Background: Intestinal dysbiosis may contribute to the pathogenesis of necrotising enterocolitis (NEC) in very preterm or very low birth weight infants. Dietary supplementation with probiotics to modulate the intestinal microbiome has been proposed as a strategy to reduce the risk of NEC and associated mortality and morbidity. OBJECTIVES: To determine the effect of supplemental probiotics on the risk of NEC and mortality and morbidity in very preterm or very low birth weight infants.
Search methods: We searched Cochrane Central Register of Controlled Trials (CENTRAL; 2020, Issue 2) in the Cochrane Library; MEDLINE Ovid (1946 to 17 Feb 2020), Embase Ovid (1974 to 17 Feb 2020), Maternity & Infant Care Database Ovid (1971 to 17 Feb 2020), the Cumulative Index to Nursing and Allied Health Literature (1982 to 18 Feb 2020). We searched clinical trials databases, conference proceedings, and the reference lists of retrieved articles for randomised controlled trials (RCTs) and quasi-RCTs.
Selection criteria: We included RCTs and quasi-RCTs comparing probiotic supplementation with placebo or no probiotics in very preterm or very low birth weight infants.
Data collection and analysis: We used the standard methods of Cochrane Neonatal. Two review authors separately evaluated trial quality, extracted data, and synthesised effect estimates using risk ratio (RR), risk difference (RD), and mean difference. We used the GRADE approach to assess the certainty of evidence for effects on NEC, all-cause mortality, late-onset infection, and severe neurodevelopmental impairment.
Main results: We included 56 trials in which 10,812 infants participated. Most trials were small (median sample size 149). Lack of clarity on methods to conceal allocation and mask caregivers or investigators were the main potential sources of bias in about half of the trials. Trials varied by the formulation of the probiotics. The most commonly used preparations contained Bifidobacterium spp., Lactobacillus spp., Saccharomyces spp., and Streptococcus spp. alone or in combinations. Meta-analysis showed that probiotics may reduce the risk of NEC: RR 0.54, 95% CI 0.45 to 0.65 (54 trials, 10,604 infants; I² = 17%); RD -0.03, 95% CI -0.04 to -0.02; number needed to treat for an additional beneficial outcome (NNTB) 33, 95% CI 25 to 50. Evidence was assessed as low certainty because of the limitations in trials design, and the presence of funnel plot asymmetry consistent with publication bias. Sensitivity meta-analysis of trials at low risk of bias showed a reduced risk of NEC: RR 0.70, 95% CI 0.55 to 0.89 (16 trials, 4597 infants; I² = 25%); RD -0.02, 95% CI -0.03 to -0.01; NNTB 50, 95% CI 33 to 100. Meta-analyses showed that probiotics probably reduce mortality (RR 0.76, 95% CI 0.65 to 0.89; (51 trials, 10,170 infants; I² = 0%); RD -0.02, 95% CI -0.02 to -0.01; NNTB 50, 95% CI 50 to 100), and late-onset invasive infection (RR 0.89, 95% CI 0.82 to 0.97; (47 trials, 9762 infants; I² = 19%); RD -0.02, 95% CI -0.03 to -0.01; NNTB 50, 95% CI 33 to 100). Evidence was assessed as moderate certainty for both these outcomes because of the limitations in trials design. Sensitivity meta-analyses of 16 trials (4597 infants) at low risk of bias did not show an effect on mortality or infection. Meta-analysis showed that probiotics may have little or no effect on severe neurodevelopmental impairment (RR 1.03, 95% CI 0.84 to 1.26 (five trials, 1518 infants; I² = 0%). The certainty on this evidence is low because of limitations in trials design and serious imprecision of effect estimate. Few data (from seven of the trials) were available for extremely preterm or extremely low birth weight infants. Meta-analyses did not show effects on NEC, death, or infection (low-certainty evidence).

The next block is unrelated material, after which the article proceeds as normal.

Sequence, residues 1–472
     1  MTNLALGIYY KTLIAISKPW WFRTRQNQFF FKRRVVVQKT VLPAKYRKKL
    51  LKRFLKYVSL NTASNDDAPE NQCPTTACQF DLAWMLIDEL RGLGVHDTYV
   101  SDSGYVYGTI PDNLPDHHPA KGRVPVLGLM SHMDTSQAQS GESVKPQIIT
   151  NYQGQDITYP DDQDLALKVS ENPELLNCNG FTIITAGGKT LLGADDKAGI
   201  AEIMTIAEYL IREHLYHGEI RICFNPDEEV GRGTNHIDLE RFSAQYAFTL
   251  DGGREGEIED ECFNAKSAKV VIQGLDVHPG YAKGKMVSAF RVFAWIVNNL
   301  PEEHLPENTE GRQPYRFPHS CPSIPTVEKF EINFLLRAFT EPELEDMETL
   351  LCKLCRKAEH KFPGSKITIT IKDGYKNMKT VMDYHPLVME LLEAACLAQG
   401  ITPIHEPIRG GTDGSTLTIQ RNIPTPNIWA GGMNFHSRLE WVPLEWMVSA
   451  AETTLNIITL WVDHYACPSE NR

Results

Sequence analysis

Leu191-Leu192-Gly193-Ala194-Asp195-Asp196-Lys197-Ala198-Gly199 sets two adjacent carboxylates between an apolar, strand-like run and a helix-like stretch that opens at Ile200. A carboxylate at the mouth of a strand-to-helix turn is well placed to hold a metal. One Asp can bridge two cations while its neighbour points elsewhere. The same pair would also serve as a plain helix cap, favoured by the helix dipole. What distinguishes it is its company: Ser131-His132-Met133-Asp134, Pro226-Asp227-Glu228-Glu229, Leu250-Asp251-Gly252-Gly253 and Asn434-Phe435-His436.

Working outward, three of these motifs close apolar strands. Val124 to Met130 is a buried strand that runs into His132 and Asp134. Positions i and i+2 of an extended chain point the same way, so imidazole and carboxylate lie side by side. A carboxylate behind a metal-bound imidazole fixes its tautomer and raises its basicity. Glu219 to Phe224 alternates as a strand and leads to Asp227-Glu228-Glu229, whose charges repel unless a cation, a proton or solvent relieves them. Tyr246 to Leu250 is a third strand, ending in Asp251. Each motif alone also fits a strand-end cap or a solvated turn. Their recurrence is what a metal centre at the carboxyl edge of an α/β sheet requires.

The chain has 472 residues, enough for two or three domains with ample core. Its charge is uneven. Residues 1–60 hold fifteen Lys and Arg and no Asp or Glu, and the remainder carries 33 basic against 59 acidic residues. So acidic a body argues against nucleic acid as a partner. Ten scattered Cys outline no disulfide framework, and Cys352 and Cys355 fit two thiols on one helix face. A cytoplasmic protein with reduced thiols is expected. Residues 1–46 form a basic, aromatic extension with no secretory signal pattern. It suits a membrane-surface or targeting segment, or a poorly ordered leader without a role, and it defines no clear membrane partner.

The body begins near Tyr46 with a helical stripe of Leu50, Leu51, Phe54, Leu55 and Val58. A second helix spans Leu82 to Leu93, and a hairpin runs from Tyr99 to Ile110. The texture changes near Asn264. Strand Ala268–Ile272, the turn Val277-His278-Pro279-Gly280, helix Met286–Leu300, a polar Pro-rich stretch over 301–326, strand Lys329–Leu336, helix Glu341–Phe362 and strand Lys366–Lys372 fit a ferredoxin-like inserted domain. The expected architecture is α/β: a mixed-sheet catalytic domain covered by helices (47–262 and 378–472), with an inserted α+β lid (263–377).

Authors' conclusions: Given the low to moderate level of certainty about the effects of probiotic supplements on the risk of NEC and associated morbidity and mortality for very preterm or very low birth weight infants, and particularly for extremely preterm or extremely low birth weight infants, further, large, high-quality trials are needed to provide evidence of sufficient quality and applicability to inform policy and practice.
Trial registration: ClinicalTrials.gov NCT01315821 NCT00977912 NCT01181791 NCT01375309 NCT02552706.
Copyright © 2020 The Cochrane Collaboration. Published by John Wiley & Sons, Ltd.